Chitin is a long-chain polymer of a N-acetylglucosamine, a derivative of glucose, and is found in many places throughout the natural world. It is the main component of the cell walls of fungi, the exoskeletons of arthropods such as crustaceans (e.g., crabs, lobstersand shrimps) and insects, the radulas of mollusks, and the beaks of cephalopods, including squidand octopuses. In terms of structure, chitin may be compared to the polysaccharide cellulose and, in terms of function, to the protein keratin. Chitin has also proven useful for several medical and industrial purposes.
In its unmodified form, chitin is translucent, pliable, resilient, and quite tough. In arthropods, however, it is often modified, becoming embedded in sclerotin, a tanned proteinaceous matrix, which forms much of the exoskeleton. In its pure form, chitin is leathery, but in most invertebrates it occurs largely as a component of composite materials. Combined with say, calcium carbonate, as in the shells of Crustacea, it produces a much stronger composite, harder and stiffer than pure chitin, tougher and less brittle than the mineral substance alone. Another difference between pure and composite forms can be seen by comparing the flexible body wall between the segments of a caterpillar (mainly chitin) to the stiff, light elytron of a beetle (containing a large proportion of sclerotin).
Crab shells have elevated levels of chitin, which encourages soil microorganisms to exude enzymes known as chitinases, which break down the chitin that's a part of nematode egg shells.
The existence of chitin within the fertilizer helps it be an all natural biopesticide that's non-toxic to animals, birds, plants and fish.
These kinds of “good guys” are able to break down the chitin contained in the egg shells of nematodes. This results in many fewer nematodes.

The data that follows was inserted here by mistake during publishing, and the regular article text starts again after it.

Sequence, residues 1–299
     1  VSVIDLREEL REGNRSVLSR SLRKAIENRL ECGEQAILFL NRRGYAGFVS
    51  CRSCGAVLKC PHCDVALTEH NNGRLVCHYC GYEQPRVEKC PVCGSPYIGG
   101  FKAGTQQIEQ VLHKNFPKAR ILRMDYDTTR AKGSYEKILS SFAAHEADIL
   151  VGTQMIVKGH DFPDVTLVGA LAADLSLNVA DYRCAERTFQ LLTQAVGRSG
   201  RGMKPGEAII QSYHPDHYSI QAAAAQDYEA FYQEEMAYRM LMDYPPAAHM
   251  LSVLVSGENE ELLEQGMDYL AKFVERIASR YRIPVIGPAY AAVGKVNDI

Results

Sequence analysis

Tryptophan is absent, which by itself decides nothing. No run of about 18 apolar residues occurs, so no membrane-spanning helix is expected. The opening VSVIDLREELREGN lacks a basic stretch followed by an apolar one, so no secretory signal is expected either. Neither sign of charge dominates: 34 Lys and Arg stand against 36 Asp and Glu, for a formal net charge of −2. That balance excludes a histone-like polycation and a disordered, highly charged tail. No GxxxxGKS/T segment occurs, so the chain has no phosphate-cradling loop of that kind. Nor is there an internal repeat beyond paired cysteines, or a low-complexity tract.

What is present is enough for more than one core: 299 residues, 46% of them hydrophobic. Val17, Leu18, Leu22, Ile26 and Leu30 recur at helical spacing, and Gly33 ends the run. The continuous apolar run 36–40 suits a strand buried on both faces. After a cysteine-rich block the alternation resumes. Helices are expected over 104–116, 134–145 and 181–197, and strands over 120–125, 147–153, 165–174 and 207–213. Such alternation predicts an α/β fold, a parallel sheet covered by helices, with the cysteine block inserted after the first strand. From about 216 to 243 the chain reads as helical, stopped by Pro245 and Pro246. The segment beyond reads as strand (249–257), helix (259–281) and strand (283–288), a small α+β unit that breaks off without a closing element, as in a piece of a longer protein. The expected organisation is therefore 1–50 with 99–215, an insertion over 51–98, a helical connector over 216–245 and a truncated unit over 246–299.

Crab meal is an organic, eco-friendly fertilizer. It's made by drying shells in a kiln and then grinding them into the fine dust. The crabs are usually gathered from Mexico to Maine.
Most recent studies point out that chitin is a good inducer for defense mechanisms in plants It has alsobeen assessed as a fertilizer that can improve overall crop yields. The EPA regulates chitin for agricultural use within the USA. Chitosan is prepared from chitin by deacetylation.
Information sourced from: http://en.wikipedia.org/wiki/Chitin
Indonesian - Dyacopterus spadiceus – The Indonesian bat is a predominantly fruit eating bat which results in a more phosphorous driven guano offering the gardener a sweet end product. The fruits consumed are figs, guava, lychee, banana, dates and chickoo. The high phosphorous indicates that the guano was harvest from the bottom of the pile. And Also due to the amount of rainfall in the tropics the water drains guanos of their nitrates.
Jamaican - Artibeus jamaicensis – The Jamaican bat feeds predominantly on mangoes, avocado’s, and figs. The high phosphorous count is an indication that it comes from the bottom of the pile. Also because of the high rainfall rate the nitrates are drained out. Mexican –
Mexican Free Tailed Bat – This is a more nitrogen rich guano because the diet consists of ants, beetles, dragon flies, wasps, beetles, and ants. Plus the guano is harvest from the top of the pile. With the Mexican region being more dry in climate the nitrates do not get leached out.
Peruvian – seabird guano – They have a diverse range of foods because of their ability to feed on marine life as well as land insects. This is the reason why you see a high N and P. All guanos that have the sunleaves label on it are required by the company to undergo certain criteria to harvest and package the guano.
Masks are required when workers are handling the product.